Health Smiles by Rita Tempel, DDS – This article was originally published in the Gettysburg Times, September 20, 2018
Something as simple as drinking a glass of water can help fight tooth decay! And, if your community water supply is fluoridated, there’s an added bonus of fluoride, called “nature’s cavity fighter.” While the Hanover Borough Water Company adds fluoride to its water, the Gettysburg Municipal Authority does not. In this column, I will explain how fluoride helps dental health—especially in children—and how you can reap the benefits of fluoride even if it’s not in your water supply.
The Centers for Disease Control and Prevention include “community water fluoridation” as one of the top 10 great public health achievements of the 20th century. Nearly 75 percent of the U.S. population has access to fluoridated community water (as of 2012) according to the American Dental Association (ADA). Fluoride is naturally present in water, however it is generally added by water authorities in order to bring it up to the recommended level at which cavity prevention is optimal. If you are served by another source other than Hanover or Gettysburg and want to know if your water is fluoridated, the water company by law must provide a full report including fluoridation levels—either contact them or check their website.
Even though fluoride levels (in fluoridated water) are tiny, the results are powerful! According to the ADA: “More than 70 years of scientific research has consistently shown that an optimal level of fluoride in community water is safe and effective in preventing tooth decay by at least 25% in both children and adults.”
So, how does this work? Basically, fluoride helps rebuild or re-mineralize weakened tooth enamel and reverses early signs of tooth decay. This is more critical today than ever due to society’s changing diets which typically include high-sugar intake comprised of soda, candy and snacks.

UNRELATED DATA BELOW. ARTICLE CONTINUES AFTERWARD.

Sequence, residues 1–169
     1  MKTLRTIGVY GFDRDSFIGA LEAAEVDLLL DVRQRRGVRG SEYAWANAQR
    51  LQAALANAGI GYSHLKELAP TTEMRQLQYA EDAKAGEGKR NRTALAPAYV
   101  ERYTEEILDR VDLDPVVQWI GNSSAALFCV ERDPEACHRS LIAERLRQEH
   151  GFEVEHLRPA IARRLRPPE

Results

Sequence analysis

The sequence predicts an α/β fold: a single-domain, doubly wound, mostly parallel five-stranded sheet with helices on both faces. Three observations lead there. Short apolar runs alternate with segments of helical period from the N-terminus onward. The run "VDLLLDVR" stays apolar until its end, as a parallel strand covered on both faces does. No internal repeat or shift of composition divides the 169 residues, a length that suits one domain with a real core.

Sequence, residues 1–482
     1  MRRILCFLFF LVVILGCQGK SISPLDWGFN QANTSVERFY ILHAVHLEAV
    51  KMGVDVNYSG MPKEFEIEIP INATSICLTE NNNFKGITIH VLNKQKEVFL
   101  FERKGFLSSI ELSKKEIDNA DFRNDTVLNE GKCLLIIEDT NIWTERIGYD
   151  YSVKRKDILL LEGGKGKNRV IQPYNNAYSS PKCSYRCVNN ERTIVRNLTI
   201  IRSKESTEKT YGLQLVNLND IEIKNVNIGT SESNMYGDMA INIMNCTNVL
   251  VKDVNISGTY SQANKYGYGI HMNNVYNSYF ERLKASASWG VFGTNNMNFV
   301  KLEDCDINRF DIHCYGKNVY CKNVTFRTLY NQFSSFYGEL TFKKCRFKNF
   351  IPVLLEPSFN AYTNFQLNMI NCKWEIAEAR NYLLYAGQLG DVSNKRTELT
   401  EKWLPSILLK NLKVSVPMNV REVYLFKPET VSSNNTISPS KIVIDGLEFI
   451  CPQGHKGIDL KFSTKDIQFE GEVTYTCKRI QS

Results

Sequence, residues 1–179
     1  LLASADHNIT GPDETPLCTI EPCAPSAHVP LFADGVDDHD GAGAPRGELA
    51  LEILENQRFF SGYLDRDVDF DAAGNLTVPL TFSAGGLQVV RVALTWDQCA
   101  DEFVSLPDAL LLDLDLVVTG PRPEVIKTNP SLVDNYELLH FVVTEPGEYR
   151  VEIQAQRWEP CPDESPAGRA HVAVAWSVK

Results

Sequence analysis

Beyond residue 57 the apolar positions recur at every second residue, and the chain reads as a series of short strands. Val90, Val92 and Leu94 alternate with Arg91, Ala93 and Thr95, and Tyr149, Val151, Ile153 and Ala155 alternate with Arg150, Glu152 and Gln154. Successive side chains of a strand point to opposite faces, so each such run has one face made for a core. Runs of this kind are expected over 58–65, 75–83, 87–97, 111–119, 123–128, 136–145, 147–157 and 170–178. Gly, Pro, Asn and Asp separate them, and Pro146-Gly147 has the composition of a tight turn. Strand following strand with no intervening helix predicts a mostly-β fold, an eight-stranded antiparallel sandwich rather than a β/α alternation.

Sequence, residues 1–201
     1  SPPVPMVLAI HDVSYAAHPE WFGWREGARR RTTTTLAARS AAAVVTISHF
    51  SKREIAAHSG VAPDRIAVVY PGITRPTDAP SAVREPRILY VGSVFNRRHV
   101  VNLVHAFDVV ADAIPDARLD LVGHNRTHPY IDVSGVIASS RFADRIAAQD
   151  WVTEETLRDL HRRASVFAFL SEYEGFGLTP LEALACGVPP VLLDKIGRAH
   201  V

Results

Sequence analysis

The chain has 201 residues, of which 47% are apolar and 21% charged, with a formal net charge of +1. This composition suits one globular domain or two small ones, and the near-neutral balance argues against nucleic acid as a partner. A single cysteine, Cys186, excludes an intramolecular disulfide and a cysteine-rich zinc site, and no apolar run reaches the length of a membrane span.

Besides water, there are several other sources for fluoride:
- Make sure your toothpaste includes fluoride
- Many school health programs offer fluoride (keep reading for more info)
- Talk to your dentist about fluoride options for you and your family (keep reading for my recommendations)
I recently talked to Jeanette Slimmer, department head of Health Services, Gettysburg Area School District. A fluoride program is available to elementary aged children, kindergarten through 5th grade, whereby daily chewable fluoride tablets are provided. There’s a consent form sent home to all families at the beginning of the school year and the program is usually up and running by mid-September. The district employs a part-time dental hygienist. Based on last year’s numbers, 955 students received fluoride from a total enrollment of 1,350 including St. Francis. That a total of 71 percent, which is a good foundation for our children’s dental health.
At the dental office, fluoride comes in a variety of forms—I especially recommend foams, gels or varnishes. If a patient, whether young or mature, has decay, exposed root surfaces or numerous restorations, I recommend a professional application of fluoride. In the case of children, there are many factors that influence my recommendations and I am always happy to help parents make the best decision for their children.
Overall, it’s important to remember that fluoride fits into a healthy routine of dental habits that include brushing twice a day with toothpaste that includes fluoride, a healthy diet with little snacking or soda, plenty of water to drink (whether fluoridated or not) and regular dental checkups that may include an extra boost of fluoride, “nature’s cavity fighter.”
Dr. Rita Tempel is the owner and founder of Gettysburg Smiles, a cosmetic and family dental practice located at 2018 York Road (Route 30 East), Gettysburg. She is an Accreditation Candidate of the American Academy of Cosmetic Dentistry and a member of the American Academy of Dental Sleep Medicine. For more information, see GettysburgSmiles.com, follow Gettysburg Smiles on Facebook, or call 717-339-0033.